3 Funding Options (Pros and Cons of Subsidy, Loans, and Fundraising)
It’s always way cooler to sell your product than to sell your shares. It’s always way cooler to sell your product than to get distracted with subsidies or loans that you have to repay. The main thing to say about raising funding is always: only do it when necessary.
Before taking someone else’s money it is worthwhile sketching out a rough growth plan which includes what you want to achieve, in what amount of time. That will allow you to make a rough estimate of how much money you need for each goal you want to achieve. If you can get the funds by selling your product or your MVP, that’s great. However, startups often really do need external funding, no matter how great their business idea or product is.
This blog gives an overview of which funding options are available to you and what are the pros and cons of each. As a part of our Startup Survival blog series, we prepared a list.
A subsidy is a sum of money granted by the state or a public body to help a business. The upside of subsidies is that you’re not selling your shares and you’re getting access to an amount of money that you might not get access to that easily. It’s a good way to speed up the development of your product. Another pro is that sometimes subsidies also come with a network of people.
The downside is that the decision-making is a bit of a black box. You spend a lot of time writing an application. You submit it, and it gets processed. You don’t really know what will happen until you get an answer. And that answer will likely be a binary yes or no. There is usually very little room for negotiation or adjustments of your story as you go. It’s just not a negotiated process.
With subsidies, it is usually best to see them as a ‘nice to have’. Don’t choose subsidies as a main stream of income, because you have very little control over whether you’re going to get them or not. It could be good news – you got the money and you can survive. Or it could be bad news – you didn’t get the money and you will have to go without cash. It is not a good policy to bet the whole company on that one type of funding.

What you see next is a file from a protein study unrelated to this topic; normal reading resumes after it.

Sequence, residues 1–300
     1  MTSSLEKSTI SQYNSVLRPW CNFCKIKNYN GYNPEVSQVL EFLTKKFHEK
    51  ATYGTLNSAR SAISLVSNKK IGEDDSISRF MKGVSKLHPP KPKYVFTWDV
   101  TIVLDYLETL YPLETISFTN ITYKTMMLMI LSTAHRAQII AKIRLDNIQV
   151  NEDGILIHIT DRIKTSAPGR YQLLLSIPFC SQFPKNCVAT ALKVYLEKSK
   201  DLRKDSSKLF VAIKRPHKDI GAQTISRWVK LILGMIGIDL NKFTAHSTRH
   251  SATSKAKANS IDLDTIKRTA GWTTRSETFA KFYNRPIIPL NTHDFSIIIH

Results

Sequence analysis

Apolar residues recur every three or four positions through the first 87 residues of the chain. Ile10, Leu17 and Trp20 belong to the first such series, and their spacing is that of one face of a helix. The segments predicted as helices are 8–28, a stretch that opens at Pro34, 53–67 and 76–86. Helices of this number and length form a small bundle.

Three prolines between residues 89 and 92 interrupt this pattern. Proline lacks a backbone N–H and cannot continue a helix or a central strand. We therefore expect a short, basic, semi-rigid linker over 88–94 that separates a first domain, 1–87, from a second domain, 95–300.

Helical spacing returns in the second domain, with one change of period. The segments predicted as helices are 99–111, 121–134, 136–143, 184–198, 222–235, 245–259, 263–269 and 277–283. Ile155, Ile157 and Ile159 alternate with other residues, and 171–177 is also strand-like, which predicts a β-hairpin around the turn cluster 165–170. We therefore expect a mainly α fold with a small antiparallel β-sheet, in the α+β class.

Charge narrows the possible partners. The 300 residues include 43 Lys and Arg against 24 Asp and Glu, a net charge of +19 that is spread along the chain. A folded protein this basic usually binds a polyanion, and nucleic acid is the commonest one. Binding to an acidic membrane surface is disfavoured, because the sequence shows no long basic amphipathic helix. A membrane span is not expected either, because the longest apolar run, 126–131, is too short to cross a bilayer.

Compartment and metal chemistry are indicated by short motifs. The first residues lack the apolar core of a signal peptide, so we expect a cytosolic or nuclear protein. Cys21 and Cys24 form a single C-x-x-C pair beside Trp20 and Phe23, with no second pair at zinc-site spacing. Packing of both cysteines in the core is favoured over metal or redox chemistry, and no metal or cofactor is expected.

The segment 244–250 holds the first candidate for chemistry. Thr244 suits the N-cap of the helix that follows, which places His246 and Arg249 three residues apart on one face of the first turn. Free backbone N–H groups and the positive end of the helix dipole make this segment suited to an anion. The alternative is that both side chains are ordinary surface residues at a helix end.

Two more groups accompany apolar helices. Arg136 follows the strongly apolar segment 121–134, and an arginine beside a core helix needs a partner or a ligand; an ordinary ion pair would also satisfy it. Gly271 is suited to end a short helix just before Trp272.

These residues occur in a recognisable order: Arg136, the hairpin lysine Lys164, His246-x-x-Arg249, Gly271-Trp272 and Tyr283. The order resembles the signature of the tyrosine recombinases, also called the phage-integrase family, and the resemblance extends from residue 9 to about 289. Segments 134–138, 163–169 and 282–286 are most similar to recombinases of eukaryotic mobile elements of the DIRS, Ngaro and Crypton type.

Another downside with subsidies is that sometimes they come with quite rigid conditions: e.g. you’re not allowed to change your business plan, or you can only spend the money on research and development but not sales, or you have to be located in a specific region, or etc. Those rules make a lot of sense for the organization giving the subsidy, but they may not make sense for your business situation over time. Your company might get pushed into a shape that is not really market or customer-driven.
The concept of a loan is easy. A lender, let’s say a bank, loans the money to a borrower, let’s say a startup. It is clear that the borrower eventually has to pay back the loan, and in the meantime, the lender receives an interest as a reward for letting someone else use their capital.
The upside of borrowing money is that you’re not selling your shares. Selling shares is a bad idea in general. Every share you sell is normally gone forever. Another pro is that a loan is sometimes faster to set up than a subsidy or equity fundraising. Contractually speaking, loans are simple. Often a lender doesn’t feel the need to do as much checking of the company as a shareholder, since they won’t be involved as long and are not taking as much risk.